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Consumer Protection Action on Buy Now, Pay Later
Plus, One Consumer Fights Back Against Payday Predators
A group of U.S. Senators led by Jack Reed of Rhode Island wrote a letter to the Consumer Financial Protection Bureau (CFPB) calling for closer scrutiny and better regulation of Buy Now, Pay Later (BNPL) products (such as Klarna and AfterPay).
The Senators noted:
“While the emergence of BNPL as affordable small-dollar credit has potentially provided an alternative to more costly forms of credit, these products also have the potential to cause consumer harm. Many BNPL providers structure these products in an effort to avoid certain consumer protection obligations under the Truth in Lending Act or the Military Lending Act, which generally apply to loans that are repayable in more than four installments or are subject to a finance charge. BNPL products generally do not receive all of the protections credit cards have, including those governing ability-to-repay, monthly statements, reasonable and proportional penalty fees, and the ability to raise merchant-related disputes.
Following the Senate letter, the Consumer Bureau announced it is taking action:
The Consumer Financial Protection Bureau (CFPB) announced today it is begin to gather information from Buy Now, Pay Later (BNPL) services in order to assess the need for further regulation of the popular consumer finance products.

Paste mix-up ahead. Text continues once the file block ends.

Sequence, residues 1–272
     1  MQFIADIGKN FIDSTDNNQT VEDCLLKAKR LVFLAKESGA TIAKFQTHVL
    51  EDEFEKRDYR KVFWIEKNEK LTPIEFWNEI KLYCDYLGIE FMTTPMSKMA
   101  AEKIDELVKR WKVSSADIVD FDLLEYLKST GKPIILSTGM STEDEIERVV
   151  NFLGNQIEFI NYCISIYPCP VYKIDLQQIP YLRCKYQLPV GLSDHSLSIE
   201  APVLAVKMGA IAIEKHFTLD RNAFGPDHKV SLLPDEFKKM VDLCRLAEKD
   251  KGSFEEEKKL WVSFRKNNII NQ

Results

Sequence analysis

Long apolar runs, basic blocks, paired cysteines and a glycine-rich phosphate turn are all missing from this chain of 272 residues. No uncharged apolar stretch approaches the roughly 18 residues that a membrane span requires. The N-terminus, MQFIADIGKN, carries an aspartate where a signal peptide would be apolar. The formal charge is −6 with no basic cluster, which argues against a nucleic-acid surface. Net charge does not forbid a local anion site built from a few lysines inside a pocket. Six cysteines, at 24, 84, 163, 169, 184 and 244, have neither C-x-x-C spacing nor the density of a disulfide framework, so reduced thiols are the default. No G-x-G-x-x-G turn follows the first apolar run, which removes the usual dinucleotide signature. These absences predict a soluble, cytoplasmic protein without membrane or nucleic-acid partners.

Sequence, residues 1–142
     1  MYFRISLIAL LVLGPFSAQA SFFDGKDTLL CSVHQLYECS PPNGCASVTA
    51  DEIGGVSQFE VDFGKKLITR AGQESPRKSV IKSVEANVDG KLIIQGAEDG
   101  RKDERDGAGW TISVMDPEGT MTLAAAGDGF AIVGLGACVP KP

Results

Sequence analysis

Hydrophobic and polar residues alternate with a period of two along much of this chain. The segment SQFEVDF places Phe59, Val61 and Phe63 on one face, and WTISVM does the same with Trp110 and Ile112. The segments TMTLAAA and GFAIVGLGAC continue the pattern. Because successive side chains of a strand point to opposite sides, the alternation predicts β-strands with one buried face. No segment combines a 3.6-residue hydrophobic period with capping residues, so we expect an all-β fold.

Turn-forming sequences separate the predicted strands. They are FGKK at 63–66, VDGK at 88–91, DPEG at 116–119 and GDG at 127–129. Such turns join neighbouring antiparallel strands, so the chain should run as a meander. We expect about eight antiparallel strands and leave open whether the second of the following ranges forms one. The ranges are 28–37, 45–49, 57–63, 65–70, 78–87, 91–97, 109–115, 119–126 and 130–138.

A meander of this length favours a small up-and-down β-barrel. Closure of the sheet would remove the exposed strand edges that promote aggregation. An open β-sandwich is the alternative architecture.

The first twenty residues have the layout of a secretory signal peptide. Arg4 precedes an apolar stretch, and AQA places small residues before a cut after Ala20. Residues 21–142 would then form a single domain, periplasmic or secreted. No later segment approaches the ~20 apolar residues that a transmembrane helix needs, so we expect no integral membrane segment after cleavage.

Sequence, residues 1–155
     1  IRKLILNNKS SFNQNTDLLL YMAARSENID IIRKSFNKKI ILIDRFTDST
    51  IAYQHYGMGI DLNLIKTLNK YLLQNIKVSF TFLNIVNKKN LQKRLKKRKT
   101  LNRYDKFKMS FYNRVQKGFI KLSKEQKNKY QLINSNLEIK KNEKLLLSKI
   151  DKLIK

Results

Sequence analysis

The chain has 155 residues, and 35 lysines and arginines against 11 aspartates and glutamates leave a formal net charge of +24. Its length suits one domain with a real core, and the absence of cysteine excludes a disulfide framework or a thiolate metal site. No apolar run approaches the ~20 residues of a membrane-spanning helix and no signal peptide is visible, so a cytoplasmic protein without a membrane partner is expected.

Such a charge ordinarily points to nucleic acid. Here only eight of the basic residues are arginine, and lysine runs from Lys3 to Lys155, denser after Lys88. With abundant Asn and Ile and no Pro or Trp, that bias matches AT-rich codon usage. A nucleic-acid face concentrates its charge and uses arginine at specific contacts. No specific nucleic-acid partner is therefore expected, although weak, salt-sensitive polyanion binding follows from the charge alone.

The orders to collect information on the risks and benefits of these fast-growing loans went to Affirm, Afterpay, Klarna, PayPal, and Zip. The CFPB is concerned about accumulating debt, regulatory arbitrage, and data harvesting in a consumer credit market already quickly changing with technology.
“Buy now, pay later is the new version of the old layaway plan, but with modern, faster twists where the consumer gets the product immediately but gets the debt immediately too,” said CFPB Director Rohit Chopra. “We have ordered Affirm, Afterpay, Klarna, PayPal, and Zip to submit information so that we can report to the public about industry practices and risks.”
An Illinois Consumer Fights Back Against Payday Predators
Law360 reports that a Chicago resident is seeking to strike back at alleged predatory lenders who used a Wisconsin tribe to skirt Illinois’ 36% rate cap on loans.
In a complaint filed Thursday in Illinois federal court, Tyanna Qualls took aim at a ring of LLCs — including LDF Holdings, Anong LLC and Availblue — purportedly owned by a Wisconsin tribe called the Lac du Flambeau Band of Lake Superior Chippewa Indians. According to Qualls, the LLCs are no more tribal than their non-Native, out-of-state beneficiaries: Jesse Phillips Lorenzo, Mark Koetting, and debt collector Rick Gwynne.
Qualls, who took out a personal loan from Anong LLC over the internet last month at a disclosed annual interest rate of 664.77%, seeks to represent a class of Illinois borrowers who received loans from LDF, Anong and Availblue with interest rates higher than 36%.
The 664% interest rate is significantly higher than the maximum rate allowed under the recently-enacted Predatory Loan Prevention Act.